I was quite amused to read in the Fargo Forum the other day an article about the problem tracking male polar bears in the Arctic. Scientists who track animals typically track them with collars. Female polar bears have have large heads and small necks. Their collars stay on. Male polar bears have small heads and large necks. The smaller heads on the male polar bears means that their tracking collars slip off, rendering the tracking collar useless. Leave it to 3M, and the lead researcher from White Bear Lake (how appropriate), to solve the problem.
3M developed Polar Bear Glue to stick tracking devices on the male bears’ fur that would track the bears until they shed their fur in the Spring. The tracking devices could then be retrieved from their radio signals, and the bear travels documented. The test bears would be Churchill, Manitoba polar bears. I have a soft spot in my heart about anything from Manitoba. Taking the Polar Bear Express from Winnipeg to Churchill is on my bucket list.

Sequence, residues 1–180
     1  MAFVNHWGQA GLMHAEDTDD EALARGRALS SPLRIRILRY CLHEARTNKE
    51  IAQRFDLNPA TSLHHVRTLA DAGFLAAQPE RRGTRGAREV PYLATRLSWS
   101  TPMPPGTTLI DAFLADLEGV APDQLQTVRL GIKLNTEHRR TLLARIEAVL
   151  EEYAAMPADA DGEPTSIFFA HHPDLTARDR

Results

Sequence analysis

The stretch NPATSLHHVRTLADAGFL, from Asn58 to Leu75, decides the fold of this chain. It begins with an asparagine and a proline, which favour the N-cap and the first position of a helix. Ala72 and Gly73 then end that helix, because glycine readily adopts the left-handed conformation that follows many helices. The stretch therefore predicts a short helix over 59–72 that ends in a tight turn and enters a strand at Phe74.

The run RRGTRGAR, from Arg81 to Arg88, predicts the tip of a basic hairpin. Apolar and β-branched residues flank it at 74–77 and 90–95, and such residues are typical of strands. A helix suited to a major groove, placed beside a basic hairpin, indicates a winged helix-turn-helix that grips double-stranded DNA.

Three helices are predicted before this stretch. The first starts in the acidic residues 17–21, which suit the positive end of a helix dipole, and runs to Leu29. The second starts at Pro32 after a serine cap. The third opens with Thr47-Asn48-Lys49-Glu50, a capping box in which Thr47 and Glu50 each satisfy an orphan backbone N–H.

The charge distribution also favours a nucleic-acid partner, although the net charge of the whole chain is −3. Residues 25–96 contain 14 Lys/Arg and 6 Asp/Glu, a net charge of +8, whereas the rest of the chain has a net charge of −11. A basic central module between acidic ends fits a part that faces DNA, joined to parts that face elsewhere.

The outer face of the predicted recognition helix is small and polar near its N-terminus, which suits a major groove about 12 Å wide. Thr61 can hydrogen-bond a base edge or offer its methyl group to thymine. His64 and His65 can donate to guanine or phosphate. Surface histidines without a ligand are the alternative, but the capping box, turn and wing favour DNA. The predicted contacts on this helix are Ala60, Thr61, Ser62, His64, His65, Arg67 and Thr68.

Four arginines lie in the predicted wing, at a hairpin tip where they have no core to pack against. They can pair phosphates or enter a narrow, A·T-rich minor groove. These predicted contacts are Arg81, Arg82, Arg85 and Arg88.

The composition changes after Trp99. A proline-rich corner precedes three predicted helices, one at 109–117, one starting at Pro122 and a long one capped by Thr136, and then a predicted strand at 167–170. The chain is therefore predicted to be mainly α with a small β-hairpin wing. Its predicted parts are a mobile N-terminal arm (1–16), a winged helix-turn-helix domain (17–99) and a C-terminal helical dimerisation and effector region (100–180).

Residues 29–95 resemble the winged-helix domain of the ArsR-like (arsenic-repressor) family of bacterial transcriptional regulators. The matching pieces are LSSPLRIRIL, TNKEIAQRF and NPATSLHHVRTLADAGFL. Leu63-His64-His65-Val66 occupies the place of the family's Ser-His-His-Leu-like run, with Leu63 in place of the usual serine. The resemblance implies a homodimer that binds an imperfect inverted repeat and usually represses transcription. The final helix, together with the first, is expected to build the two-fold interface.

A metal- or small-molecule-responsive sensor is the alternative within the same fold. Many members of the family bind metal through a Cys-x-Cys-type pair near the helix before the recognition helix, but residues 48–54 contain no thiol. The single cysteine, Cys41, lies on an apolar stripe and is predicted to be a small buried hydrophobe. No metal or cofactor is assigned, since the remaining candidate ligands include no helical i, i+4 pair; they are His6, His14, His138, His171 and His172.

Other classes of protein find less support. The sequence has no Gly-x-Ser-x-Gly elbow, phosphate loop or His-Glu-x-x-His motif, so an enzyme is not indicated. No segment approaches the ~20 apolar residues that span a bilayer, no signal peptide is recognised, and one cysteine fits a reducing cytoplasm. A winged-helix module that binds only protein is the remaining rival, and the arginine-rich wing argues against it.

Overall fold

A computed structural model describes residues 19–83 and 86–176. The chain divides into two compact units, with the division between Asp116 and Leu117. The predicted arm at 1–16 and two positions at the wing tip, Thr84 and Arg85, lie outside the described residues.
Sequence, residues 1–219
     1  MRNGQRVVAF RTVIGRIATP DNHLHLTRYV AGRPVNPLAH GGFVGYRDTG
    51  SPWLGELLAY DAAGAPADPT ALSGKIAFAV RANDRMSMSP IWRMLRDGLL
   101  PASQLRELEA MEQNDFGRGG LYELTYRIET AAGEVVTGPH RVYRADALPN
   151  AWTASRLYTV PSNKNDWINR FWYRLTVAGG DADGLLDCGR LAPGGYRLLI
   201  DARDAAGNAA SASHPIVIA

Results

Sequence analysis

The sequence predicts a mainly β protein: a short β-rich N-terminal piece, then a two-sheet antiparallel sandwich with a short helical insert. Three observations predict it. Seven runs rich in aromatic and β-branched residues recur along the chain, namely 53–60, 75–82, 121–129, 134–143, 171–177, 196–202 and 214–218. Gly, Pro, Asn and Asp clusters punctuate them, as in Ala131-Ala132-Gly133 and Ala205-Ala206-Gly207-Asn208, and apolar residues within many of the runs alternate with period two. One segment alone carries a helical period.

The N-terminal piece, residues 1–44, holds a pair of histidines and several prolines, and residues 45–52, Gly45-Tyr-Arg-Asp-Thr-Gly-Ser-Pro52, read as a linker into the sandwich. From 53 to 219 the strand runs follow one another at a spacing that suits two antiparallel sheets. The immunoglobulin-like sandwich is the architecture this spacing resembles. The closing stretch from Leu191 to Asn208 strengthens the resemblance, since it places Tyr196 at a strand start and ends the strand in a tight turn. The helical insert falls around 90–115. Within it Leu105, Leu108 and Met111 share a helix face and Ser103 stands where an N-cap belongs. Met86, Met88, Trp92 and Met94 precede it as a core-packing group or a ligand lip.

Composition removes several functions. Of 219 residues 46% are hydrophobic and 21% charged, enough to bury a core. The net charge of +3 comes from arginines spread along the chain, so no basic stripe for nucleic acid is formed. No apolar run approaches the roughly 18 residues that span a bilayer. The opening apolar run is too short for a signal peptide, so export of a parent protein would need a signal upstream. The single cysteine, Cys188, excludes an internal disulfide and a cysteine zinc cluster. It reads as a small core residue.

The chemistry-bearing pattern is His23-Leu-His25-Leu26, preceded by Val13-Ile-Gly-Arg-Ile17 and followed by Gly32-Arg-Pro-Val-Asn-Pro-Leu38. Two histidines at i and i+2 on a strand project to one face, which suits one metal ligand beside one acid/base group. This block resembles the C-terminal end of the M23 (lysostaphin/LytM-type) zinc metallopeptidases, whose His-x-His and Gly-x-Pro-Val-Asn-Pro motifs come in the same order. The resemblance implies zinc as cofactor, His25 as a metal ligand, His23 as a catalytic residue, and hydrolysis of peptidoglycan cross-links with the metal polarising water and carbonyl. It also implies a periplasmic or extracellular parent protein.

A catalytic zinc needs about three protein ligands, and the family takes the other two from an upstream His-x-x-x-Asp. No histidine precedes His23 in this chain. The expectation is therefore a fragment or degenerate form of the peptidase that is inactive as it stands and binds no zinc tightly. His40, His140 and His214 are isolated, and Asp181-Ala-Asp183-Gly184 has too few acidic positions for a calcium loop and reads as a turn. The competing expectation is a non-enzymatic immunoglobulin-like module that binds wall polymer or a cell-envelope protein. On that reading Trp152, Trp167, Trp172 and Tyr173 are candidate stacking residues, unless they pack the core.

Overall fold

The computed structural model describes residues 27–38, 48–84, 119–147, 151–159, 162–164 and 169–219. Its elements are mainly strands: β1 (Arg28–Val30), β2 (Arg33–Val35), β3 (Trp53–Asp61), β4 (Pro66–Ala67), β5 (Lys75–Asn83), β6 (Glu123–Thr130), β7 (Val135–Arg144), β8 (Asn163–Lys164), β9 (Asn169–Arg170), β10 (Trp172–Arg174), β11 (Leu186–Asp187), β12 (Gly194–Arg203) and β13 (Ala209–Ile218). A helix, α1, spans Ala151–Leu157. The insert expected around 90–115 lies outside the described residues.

What are some inventions you would like to see for what P. G. Wodehouse referred to as “our dumb chums” to make their lives easier? What are some of your favorite recent news items?
We had church choir rehearsal yesterday for the first time since March. Our county is a Covid hot spot, and the idea of rehearsal made me somewhat nervous. Choir rehearsals have been superspreader events across the country.
I really had little to worry about, as there were only six singers, plus the director and the accompanist. We sat in the pews instead of the choir loft, two singers to a pew, socially distanced, with two pews in between each twosome. The church bought these plastic dealies that go under our masks and prevents the masks from being sucked back against the lips when you inhale. We all wore masks. We were all glad to sing. We expect more to join us in the coming weeks, but I think we can distance and sing and perform. We really have to listen carefully since we can’t sit right next to each other, and the tenors aren’t right behind us and the sopranos aren’t right in front of us. It is a musicianship challenge.